Album Premiere: Anatomia – ‘Corporeal Torment’

Anatomia album cover

Japanese death/doom swamp-haunters Anatomia released their first demo in 2003. Songs like “Funeral Feast” revealed a band with little concern for making songs palatable. For almost two decades, Anatomia has collaborated with dozens of the gnarliest bands in the underground. Anatomia’s portion of each split album has represented Death Metal and Doom for connoisseurs of filth. The band isn’t an entry point into extremity for gateway fans. The songs feel dredged from a tar pit filled with unidentifiable cadavers. There’s no light, no reprieve, only casket-crushing riffs that release noxious fumes of decay. But on Anatomia’s new LP Corporeal Torment, the band uses half of the album to experiment with ambient noisescapes. An uncompromising attitude dominates Corporeal Torment down to the album’s final breaths. I hope your brain is primed and ready, because cult labels Me Saco Un Ojo Records hand Dark Descent have agreed to share the full album early. Grab a shovel and dig in before Anatomia releases these tracks officially on May 20th.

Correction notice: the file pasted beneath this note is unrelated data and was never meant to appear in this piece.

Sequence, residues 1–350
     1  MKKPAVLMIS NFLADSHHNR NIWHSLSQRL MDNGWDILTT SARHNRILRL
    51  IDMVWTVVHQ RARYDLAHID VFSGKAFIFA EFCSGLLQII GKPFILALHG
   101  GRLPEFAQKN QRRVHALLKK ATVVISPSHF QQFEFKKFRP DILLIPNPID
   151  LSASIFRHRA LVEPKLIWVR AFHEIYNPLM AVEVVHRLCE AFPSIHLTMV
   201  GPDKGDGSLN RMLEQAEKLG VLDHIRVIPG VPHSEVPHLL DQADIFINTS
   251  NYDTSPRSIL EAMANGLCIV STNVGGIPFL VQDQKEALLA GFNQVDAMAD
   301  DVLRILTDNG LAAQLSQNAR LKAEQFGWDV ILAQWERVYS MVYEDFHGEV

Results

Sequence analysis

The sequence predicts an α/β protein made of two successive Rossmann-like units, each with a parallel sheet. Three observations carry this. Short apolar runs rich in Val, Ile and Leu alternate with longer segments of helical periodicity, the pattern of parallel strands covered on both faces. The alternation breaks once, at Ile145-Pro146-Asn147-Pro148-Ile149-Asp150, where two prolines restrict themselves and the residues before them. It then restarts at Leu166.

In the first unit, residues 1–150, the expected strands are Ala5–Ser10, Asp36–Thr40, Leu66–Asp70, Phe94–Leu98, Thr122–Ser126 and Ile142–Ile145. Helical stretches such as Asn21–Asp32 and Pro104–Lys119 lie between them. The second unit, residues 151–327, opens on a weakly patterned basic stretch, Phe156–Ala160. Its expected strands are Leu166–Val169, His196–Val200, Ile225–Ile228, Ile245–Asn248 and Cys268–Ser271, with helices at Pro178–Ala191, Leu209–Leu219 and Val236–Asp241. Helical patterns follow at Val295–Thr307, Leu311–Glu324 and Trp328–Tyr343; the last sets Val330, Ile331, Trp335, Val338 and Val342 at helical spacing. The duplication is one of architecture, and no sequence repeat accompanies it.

Chilling ambient begins opening track “Dismemberment.” Consider it the cleansing of the torture device before the rest of Corporeal Torment crushes your bones into grave dust. But it only takes a solitary minute for the album to reveal its true face. Anatomia is Death/Doom at the genre’s most caustic. The grooves are covered in ooze and leeches. The sludgy bass line introducing “Slime of Putrescence” rides a line between minimalist funeral doom and pitch-black sludge. But once that song’s pace picks up, it leaves a slug trail into your memory as one of the album’s highlights. The title of “Despaired Void” hints at the track’s despondent atmosphere. Instead of pure murky death, the song is a nightmarish haze of droning vocals and instruments that slowly vanish into the titular void. But twenty-minute closing track “Mortem” is half of the album’s run-time for a reason. It continues the poisoned soundscape of “Despaired Void,” and banishes the Doom riffs to a distant cemetery. The lengthy track may not possess the band’s usual skull-flattening distortion, but it feels like a dimension where life isn’t welcome. “Mortem” feels like it captured echoes of extinct life in deep space. Think of it like a galactic graveyard.

Succumb to the crushing heaviness of Anatomia and enter the despaired void by pressing play below.

Pre-order Anatomia’s Corporeal Torment on vinyl from Me Saco Un Ojo HERE

Pre-order the CD from Dark Descent HERE

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Anatomia Band Photo